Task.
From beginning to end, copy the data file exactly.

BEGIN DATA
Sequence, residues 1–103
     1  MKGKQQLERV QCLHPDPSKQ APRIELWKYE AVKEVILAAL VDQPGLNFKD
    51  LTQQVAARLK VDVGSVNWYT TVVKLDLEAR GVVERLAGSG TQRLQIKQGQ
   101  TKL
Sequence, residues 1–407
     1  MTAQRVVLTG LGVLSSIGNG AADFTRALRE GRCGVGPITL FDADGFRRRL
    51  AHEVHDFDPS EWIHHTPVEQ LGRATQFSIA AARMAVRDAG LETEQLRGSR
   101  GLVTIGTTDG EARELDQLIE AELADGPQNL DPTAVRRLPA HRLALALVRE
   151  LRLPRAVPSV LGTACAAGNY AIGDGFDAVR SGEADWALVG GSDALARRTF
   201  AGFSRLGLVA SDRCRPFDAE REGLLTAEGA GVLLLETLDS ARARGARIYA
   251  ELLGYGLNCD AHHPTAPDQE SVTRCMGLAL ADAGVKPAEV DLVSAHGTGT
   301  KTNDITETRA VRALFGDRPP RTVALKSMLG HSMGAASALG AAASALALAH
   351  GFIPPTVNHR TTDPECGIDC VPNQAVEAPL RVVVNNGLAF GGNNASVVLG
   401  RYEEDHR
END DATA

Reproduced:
Sequence, residues 1–103
     1  MKGKQQLERV QCLHPDPSKQ APRIELWKYE AVKEVILAAL VDQPGLNFKD
    51  LTQQVAARLK VDVGSVNWYT TVVKLDLEAR GVVERLAGSG TQRLQIKQGQ
   101  TKL
Sequence, residues 1–407
     1  MTAQRVVLTG LGVLSSIGNG AADFTRALRE GRCGVGPITL FDADGFRRRL
    51  AHEVHDFDPS EWIHHTPVEQ LGRATQFSIA AARMAVRDAG LETEQLRGSR
   101  GLVTIGTTDG EARELDQLIE AELADGPQNL DPTAVRRLPA HRLALALVRE
   151  LRLPRAVPSV LGTACAAGNY AIGDGFDAVR SGEADWALVG GSDALARRTF
   201  AGFSRLGLVA SDRCRPFDAE REGLLTAEGA GVLLLETLDS ARARGARIYA
   251  ELLGYGLNCD AHHPTAPDQE SVTRCMGLAL ADAGVKPAEV DLVSAHGTGT
   301  KTNDITETRA VRALFGDRPP RTVALKSMLG HSMGAASALG AAASALALAH
   351  GFIPPTVNHR TTDPECGIDC VPNQAVEAPL RVVVNNGLAF GGNNASVVLG
   401  RYEEDHR